FROM THE ALZHEIMER’S ASSOCIATION INTERNATIONAL CONFERENCE 2022
Top Tier Clinicians and Researchers Find the Tests Are:
-Full of Revolutionary Potential
-Valuable Now For Research and Treatment Trials
-Not Ready Yet for the Healthcare Provider’s Office
CHICAGO and SAN DIEGO, July 31, 2022 /PRNewswire/ — Alzheimer’s disease blood biomarkers (BBMs) may revolutionize the diagnosis of Alzheimer’s in the future, but are not yet ready for widespread use, according to a newly-published article by leading international clinicians and researchers convened by the Alzheimer’s Association®. At the same time, they are important and valuable for current research trials and cautious initial use in specialized memory clinics.
“Blood-based markers show promise for improving, and possibly even redefining, the diagnostic work-up for Alzheimer’s,” said Maria C. CarrilloPh.D., Alzheimer’s Association chief science officer and a co-author of the article. “Remarkable progress has been made, but additional data are needed before BBMs can be used as a stand-alone test for diagnosis, and before considering broad use in primary care settings.”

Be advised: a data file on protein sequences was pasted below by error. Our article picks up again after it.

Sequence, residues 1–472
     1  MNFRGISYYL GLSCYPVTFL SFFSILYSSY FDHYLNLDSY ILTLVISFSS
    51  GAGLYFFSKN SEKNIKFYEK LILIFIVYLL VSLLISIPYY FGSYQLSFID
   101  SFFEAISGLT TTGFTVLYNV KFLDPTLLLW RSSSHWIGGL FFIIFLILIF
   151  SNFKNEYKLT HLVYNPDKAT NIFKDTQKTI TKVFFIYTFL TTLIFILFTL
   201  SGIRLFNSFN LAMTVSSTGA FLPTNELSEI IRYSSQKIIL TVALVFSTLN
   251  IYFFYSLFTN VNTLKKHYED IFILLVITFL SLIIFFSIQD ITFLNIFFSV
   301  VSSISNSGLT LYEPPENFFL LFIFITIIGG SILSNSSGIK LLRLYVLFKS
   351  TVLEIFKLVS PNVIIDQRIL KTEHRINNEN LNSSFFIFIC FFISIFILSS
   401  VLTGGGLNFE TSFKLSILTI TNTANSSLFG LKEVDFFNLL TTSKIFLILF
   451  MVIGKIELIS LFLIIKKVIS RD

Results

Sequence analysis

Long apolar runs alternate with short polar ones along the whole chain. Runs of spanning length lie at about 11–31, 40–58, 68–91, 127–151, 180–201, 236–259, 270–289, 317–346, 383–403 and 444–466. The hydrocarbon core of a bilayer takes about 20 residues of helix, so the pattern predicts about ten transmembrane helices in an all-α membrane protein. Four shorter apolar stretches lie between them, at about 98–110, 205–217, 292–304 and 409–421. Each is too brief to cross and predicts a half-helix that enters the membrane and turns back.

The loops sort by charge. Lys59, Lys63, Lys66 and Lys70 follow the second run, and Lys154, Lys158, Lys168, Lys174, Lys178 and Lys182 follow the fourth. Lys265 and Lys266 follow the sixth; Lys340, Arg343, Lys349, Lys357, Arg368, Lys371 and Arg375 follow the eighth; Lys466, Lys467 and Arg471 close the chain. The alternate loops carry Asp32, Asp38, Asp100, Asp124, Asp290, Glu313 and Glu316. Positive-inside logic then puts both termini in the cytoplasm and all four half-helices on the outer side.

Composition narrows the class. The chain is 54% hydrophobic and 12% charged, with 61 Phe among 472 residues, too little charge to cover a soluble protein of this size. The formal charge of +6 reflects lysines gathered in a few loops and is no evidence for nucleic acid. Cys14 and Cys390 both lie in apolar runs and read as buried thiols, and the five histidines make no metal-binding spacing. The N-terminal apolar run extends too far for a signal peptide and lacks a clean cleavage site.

“In this article, the expert workgroup clearly defines both short- and long-term research priorities needed to fill significant knowledge gaps that still exist, such as how well these blood-based markers work in diverse communities and in those living with multiple health conditions ,” Carrillo added. “Also included are consensus appropriate use recommendations for use of BBMs in the clinic and in research trials.”
“The Alzheimer’s Association Appropriate Use Recommendations for Blood Biomarkers in Alzheimer’s Disease,” by Oskar HanssonMD, Ph.D., et al, is published online today by Alzheimer’s & Dementia: The Journal of the Alzheimer’s Association. The recommendations will be reported today and tomorrow at the Alzheimer’s Association International Conference® (AAIC®) 2022 in San Diego and online.
“Blood-based biomarkers for Alzheimer’s are already improving the design of clinical trials, and they are very likely to revolutionize the diagnosis of Alzheimer’s in the future,” said Oskar HanssonMD, Ph.D., director of the Center for Neurodegenerative Diseases at Lund University and Skane University Hospital, Malmo, Swedenand first author on the newly published article. “That said, the implementation of such markers in trials and practice must be done in a careful and controlled way so as not to accidentally cause more harm than good. Much more research is needed before widespread clinical use of BBMs.”
According to the article, BBMs show “great …